Frog and Azolla Pond
Designing for Low Maintenance
- Keep it simple!
- Use gentle flowing curves for areas that need mowing.
- Emulate nature with meadows, woodlands, hedgerows, ponds, bogs and wetland areas, etc. Become a Garden Caretaker: make a place for nature to grow and add a little here, subtract a little there; aid the less aggressive and subdue the more aggressive; and bring the greatest possible diversity to your landscape.
- Choose and place plants carefully. In selecting plants for a sustainable landscape:
- Use native plants and naturally drought-tolerant, insect and disease-resistant plants, as they require the least attention.
- Place plants with care to their needs for sun and moisture. Attention to their ultimate size and shape will result in little special care and little, if any, pruning.
- Choose plants for multiple functions.
- Keep lawn areas to a minimum, using grass only where it is needed for play, etc. and then use the new dwarf, drought-tolerant grasses. Use gentle curves for easier mowing. Substitute groundcovers on slopes, under trees and in front yards.
Make a list of plants you would like to have.
Make notes by each of what their ultimate size will be and what conditions they need to thrive. (Sun or shade, moist or dry, rich soil or poor soil, evergreen or deciduous, slow growing or fast growing, low maintenance or not). Don’t include annual flowers and veggies as these can have their own spaces or be tucked in wherever there is room amongst the permanent plants.
A list of questions to ask of each plant you choose:
- Is it INSECT AND DISEASE-RESISTANT for our area? Local nursery people and Extension Services can often help with this question.
- Is it HARDY and suited to our climate? Unless you want to experiment, choose plants for their ecological fitness to your site.
- How TALL and WIDE will it get? Given enough room to grow, a plant will never need to be pruned because it is too big!
- Is it DROUGHT-RESISTANT? Even in areas not normally bothered by drought, the problem may arise from time to time. A landscape with drought-tolerant plants will suffer less and make fewer demands on their caretaker.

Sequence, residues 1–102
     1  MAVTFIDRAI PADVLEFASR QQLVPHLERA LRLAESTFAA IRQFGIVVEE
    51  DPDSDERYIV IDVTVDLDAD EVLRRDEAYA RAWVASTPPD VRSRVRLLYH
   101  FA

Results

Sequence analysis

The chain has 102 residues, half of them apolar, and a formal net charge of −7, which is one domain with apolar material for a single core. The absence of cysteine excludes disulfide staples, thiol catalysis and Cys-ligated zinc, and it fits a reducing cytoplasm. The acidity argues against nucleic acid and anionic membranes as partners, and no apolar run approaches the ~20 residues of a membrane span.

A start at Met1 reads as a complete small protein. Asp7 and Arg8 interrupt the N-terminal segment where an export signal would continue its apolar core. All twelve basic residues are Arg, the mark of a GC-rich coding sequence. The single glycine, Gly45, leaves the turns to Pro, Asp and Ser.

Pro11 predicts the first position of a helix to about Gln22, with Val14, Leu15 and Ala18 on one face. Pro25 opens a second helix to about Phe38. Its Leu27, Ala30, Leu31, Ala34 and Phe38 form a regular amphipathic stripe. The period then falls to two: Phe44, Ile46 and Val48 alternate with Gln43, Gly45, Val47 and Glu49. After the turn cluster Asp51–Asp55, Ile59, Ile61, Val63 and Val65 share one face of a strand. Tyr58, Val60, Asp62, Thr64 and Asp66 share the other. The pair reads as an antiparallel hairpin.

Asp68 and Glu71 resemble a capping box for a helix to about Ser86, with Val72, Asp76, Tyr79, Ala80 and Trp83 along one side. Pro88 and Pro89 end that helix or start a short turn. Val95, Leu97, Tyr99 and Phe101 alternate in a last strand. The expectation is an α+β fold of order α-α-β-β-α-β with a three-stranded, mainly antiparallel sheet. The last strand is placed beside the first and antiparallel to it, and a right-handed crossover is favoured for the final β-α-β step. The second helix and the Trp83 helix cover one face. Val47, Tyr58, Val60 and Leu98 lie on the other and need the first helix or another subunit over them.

- What does it need to be HAPPY? Sun? Shade? Good drainage? Lots of moisture? A happy plant is healthy and thriving, needing little attention.
- Is it MESSY at some time of the year? Does it drop fruit, twigs, sap, seed pods, etc.? This may be good for wildlife, but bad for patios, walkways and parking areas.
- Is it DECIDUOUS or EVERGREEN? An evergreen tree casts shade in winter too. Does that work for you? An evergreen hedge gives you privacy all year long, not just in spring and summer, and provides shelter for overwintering creatures.
- What FUNCTIONS will it have? Each plant should have at least TWO.
Here are some possibilities:
Food for humans Medicine Food for critters Compost/fertilizer material Shade Windbreak Wildlife Shelter Pollution control Cover crop Noise barrier Fragrance Cut flowers Privacy Syrup Erosion control Firewood Beauty Nitrogen Fixer Species preservation Wattle material Butterfly host plant Butterfly Nectar plant Pollinator food Other
- Is it SELF-SEEDING, SUCKERING OR INVASIVE in any way? Self-seeding is an important attribute in a meadow plant, suckering is useful for a hedge tree or shrub, but in some situations both are simply a maintenance headache.
- Does it need PRUNING? Many fruit tree, bramble berries, groundcovers and vines need yearly (or even monthly during the growing season) pruning to look or do their best. Keep the number of these plants to a minimum.
- Does it need frequent STAKING, DIVIDING OR SPRAYING? Avoid these plants when possible.
Evaluate and Prioritize
Now, evaluate your answers on each of the plants you chose. Make sure that there will be a balance created in bringing each into your landscape. It may take some research and time spent questioning nursery people, growers and experienced gardeners in your area, but it will save an enormous amount of effort and time in the future.
List your absolute priorities of features and plants. Try not to get too carried away to begin with. After all, growing all your own food while holding down a full-time job might be an unrealistic goal. Many “free” foods are available from wild plants, like blackberries and huckleberries, as well as excess apples, walnuts or zucchini from your friends and neighbors gardens. Use low-maintenance and native plants primarily, and install low-water usage watering systems as you go.
And most of all – enjoy the process and the doing of it all and learn to let go of our cultures need for instant gratification. A truly amazing garden can take several years to reach it’s potential – but it’s worth waiting for!
[…] Source: Designing a Holistic Garden – Part Four – The Holistic Garden […]